Ryan Braun may be a lot of things, but mostly he's a hitter

Tim Brown
PHOENIX, AZ - MARCH 07: Ryan Braun #8 of the Milwaukee Brewers waits to bat in the dugout during the spring training game against the San Diego Padres at Maryvale Baseball Park on March 7, 2014 in Phoenix, Arizona. (Photo by Christian Petersen/Getty Images)

MESA, Ariz. – If it bothers Ryan Braun, he wouldn't show it. He couldn't. Not ever. Anyway, he probably likes it.

So he gets booed, like always, because he's usually the best player on the field, and whether you trust that or not doesn't change the reality of it or, presumably, matter to him in the least. If he's getting booed for the other reason, well, one sounds an awful lot like the other and, besides, it's not as though last summer's drug suspension brought a thunderbolt of insight. About as many folks believed Braun's denial as did his apology, so this has been out there a while.

He batted third and played right field for the Milwaukee Brewers on Sunday afternoon at Cubs Park. The public address announcer had barely gotten to “… number eight …” when Cubs fans recognized what was coming and set to their dutiful outrage. Braun got it again when he came up in the first inning. They called him a cheater. One dolt suggested, “Hit him!” Cubs right-hander Kyle Hendricks struck him out instead and everybody cheered, and if you're a Cubs fan and can't celebrate the misfortune of others, well, that doesn't leave much else to celebrate. So it all worked out fine.

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Braun, meanwhile, got another four innings of right field behind him. He looked fine, maybe a touch more squirrely than he does in left, but the sun was high and the breeze unpredictable and the spin on the baseball (and therefore its path) opposite. He'll be more than reasonable in right field.

What everyone wants to know is whether Braun can still hit. Or how long it will take him to hit again. Or if, as Braun said when he reported to camp, he really can be better than ever. At 30. Under increased testing. Having taken zero at-bats since July 21.

Hey, we'll all find out together. Probably about the same time he does.

I'm thinking he hits. He's a hitter. Always has been. He's too sure of himself, too sure of his bat speed, and too sure of his uncommon power, to fail. He has too much to prove to Brewers fans, and the game, and maybe himself, to fail. His thumb injury, which had something to do with him not hitting a home run after May 22 (or between May 22 and July 22 anyway), has healed.

And if his first at-bats of spring are any indication (and they're probably not), Braun looks pretty Braun-ish. He stood Sunday afternoon in the on-deck circle and twirled the bat over his head, took his high-fastball practice swings, danced his idiosyncratic twists and turns, and in the third inning lashed a ground ball past third base for a double. Bat pointed straight in the air, elbow taut, feet narrow, and a fastball on the inner half has no chance. The man does put the bat head on the ball.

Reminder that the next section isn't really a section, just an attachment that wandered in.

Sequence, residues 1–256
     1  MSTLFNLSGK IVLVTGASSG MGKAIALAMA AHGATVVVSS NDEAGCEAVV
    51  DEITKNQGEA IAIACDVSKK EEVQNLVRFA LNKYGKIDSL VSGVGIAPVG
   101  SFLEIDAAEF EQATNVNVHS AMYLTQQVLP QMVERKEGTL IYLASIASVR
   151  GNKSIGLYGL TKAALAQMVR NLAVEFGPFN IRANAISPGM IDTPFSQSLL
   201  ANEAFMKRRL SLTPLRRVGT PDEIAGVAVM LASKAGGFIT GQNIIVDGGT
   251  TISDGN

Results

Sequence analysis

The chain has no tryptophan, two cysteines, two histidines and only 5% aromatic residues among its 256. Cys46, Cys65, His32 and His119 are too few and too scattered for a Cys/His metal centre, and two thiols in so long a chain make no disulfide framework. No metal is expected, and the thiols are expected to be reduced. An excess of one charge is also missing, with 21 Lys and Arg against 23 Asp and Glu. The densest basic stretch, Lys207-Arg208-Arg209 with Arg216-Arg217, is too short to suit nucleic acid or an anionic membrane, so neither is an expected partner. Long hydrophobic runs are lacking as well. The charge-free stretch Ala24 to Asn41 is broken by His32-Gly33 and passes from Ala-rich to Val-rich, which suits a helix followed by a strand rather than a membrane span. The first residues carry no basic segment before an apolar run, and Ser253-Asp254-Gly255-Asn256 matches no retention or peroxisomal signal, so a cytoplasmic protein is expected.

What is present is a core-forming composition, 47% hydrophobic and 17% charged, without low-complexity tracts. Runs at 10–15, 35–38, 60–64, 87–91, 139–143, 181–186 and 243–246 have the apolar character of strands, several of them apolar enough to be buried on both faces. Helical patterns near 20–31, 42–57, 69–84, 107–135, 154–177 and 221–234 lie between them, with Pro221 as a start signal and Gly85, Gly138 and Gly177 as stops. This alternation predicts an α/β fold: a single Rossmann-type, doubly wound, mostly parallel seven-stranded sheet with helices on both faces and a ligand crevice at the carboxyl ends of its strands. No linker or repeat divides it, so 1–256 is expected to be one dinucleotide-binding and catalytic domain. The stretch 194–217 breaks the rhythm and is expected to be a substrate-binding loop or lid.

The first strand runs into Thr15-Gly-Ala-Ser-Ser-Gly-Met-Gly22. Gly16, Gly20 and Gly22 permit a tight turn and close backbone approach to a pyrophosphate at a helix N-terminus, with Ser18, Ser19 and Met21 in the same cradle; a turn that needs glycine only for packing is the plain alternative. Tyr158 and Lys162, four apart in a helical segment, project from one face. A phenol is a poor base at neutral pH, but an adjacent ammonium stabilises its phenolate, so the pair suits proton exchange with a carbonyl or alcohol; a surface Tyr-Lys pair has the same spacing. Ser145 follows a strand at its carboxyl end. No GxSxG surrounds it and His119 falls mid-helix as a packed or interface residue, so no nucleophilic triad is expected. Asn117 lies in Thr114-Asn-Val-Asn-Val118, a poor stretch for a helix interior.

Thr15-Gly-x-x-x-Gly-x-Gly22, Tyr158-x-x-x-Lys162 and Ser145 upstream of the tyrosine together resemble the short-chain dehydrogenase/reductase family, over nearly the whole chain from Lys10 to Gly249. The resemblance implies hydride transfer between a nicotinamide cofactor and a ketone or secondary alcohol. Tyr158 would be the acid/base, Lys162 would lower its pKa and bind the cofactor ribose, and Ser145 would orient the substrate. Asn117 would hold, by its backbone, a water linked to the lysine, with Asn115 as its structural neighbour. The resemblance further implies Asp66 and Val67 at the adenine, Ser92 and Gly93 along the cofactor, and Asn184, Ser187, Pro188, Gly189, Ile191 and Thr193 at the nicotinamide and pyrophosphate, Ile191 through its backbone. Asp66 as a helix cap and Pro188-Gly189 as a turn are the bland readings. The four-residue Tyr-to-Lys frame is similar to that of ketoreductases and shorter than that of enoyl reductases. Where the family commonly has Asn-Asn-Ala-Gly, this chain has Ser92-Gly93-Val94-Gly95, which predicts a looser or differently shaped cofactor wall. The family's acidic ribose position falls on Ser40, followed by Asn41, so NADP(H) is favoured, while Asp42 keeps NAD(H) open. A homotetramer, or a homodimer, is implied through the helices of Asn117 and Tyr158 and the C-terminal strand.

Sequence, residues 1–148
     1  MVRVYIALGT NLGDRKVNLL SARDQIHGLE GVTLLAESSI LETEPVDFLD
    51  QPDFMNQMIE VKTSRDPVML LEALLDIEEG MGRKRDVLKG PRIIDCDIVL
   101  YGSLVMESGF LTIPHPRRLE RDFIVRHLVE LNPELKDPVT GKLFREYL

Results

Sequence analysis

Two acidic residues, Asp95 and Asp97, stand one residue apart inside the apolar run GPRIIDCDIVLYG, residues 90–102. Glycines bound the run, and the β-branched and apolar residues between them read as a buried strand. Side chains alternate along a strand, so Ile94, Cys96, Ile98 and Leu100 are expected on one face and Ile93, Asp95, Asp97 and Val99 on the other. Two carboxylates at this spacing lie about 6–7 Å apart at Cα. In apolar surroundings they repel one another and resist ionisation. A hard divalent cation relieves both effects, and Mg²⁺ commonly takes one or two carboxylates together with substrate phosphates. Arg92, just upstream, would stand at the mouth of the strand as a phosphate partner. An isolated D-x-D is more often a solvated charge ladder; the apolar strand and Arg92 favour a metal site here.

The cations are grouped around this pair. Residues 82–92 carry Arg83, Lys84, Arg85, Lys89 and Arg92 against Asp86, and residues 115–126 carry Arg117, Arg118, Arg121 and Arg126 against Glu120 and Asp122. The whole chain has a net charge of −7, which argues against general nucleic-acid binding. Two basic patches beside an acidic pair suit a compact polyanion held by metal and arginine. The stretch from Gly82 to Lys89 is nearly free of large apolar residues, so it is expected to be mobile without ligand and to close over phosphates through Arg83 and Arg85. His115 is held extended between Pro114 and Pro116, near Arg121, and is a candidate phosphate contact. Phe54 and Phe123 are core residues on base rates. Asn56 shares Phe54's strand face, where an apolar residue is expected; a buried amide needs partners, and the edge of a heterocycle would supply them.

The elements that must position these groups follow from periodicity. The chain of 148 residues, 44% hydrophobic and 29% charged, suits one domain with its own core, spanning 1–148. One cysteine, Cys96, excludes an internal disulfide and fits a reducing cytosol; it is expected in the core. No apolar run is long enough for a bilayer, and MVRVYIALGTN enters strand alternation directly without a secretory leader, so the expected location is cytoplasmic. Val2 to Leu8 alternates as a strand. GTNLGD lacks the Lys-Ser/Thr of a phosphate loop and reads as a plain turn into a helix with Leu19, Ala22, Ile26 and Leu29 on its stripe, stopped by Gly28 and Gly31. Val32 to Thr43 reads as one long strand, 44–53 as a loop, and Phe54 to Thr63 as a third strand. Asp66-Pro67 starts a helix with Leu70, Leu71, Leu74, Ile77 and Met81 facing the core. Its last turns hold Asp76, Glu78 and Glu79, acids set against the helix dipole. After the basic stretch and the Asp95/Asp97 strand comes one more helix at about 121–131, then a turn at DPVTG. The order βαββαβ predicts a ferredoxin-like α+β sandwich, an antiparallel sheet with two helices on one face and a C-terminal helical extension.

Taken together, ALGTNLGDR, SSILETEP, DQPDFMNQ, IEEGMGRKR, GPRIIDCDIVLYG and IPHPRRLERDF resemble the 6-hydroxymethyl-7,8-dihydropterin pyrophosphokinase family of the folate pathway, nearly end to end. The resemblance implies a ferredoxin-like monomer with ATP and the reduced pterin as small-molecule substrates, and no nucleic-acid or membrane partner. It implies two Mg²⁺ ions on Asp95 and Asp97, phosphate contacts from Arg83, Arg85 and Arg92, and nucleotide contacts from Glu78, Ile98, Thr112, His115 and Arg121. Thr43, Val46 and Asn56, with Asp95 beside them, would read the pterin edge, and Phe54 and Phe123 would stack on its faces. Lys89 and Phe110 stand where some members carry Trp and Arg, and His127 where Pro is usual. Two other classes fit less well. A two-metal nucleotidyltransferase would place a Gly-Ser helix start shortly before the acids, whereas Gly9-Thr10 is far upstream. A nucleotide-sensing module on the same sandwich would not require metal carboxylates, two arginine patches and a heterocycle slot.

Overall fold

When he was done after the fourth inning, he had seven hits in 11 spring at-bats over five games. He has homered twice, both against the Oakland A's, the first on his first swing of spring training. He hadn't struck out before Hendricks got him with what appeared to be a high fastball on a full count. He has walked three times. So he showed up after seven months and squared-up baseballs and recognized pitches and threaded out the strikes from the balls and went about learning a new position and got called a cheater a lot.

All of which has brought the typically Braun reaction of: What? Me? It's all good.

At the end (for him) of a typical Sunday afternoon here, Braun pushed his cap back on his head, dragged his duffel bag from under the Brewers' bench and loaded up his glove and bats. He hoisted the whole thing over his left shoulder, joined up with Rickie Weeks, and the two of them trotted to the left-field corner, where they found the door that would release them.

The clock – old-school, like the one at Wrigley – above the scoreboard said the time was 4:30. But it lied. Somebody had pushed it forward by an hour and the fact is Arizona does not observe daylight savings time. Except, apparently, at Cubs Park. So Braun, like everyone else, left the stadium and gained an hour, having lost an hour when they arrived.

Braun played straight through that, too.

There's more to come, of course. Bigger ballparks, more people, bigger stakes, more outraged people. And better pitching. I have a hunch none of that will change Braun, who has a talent for the game, and apparently for denial, and that brings us back to the bottom line.

He's gonna hit.

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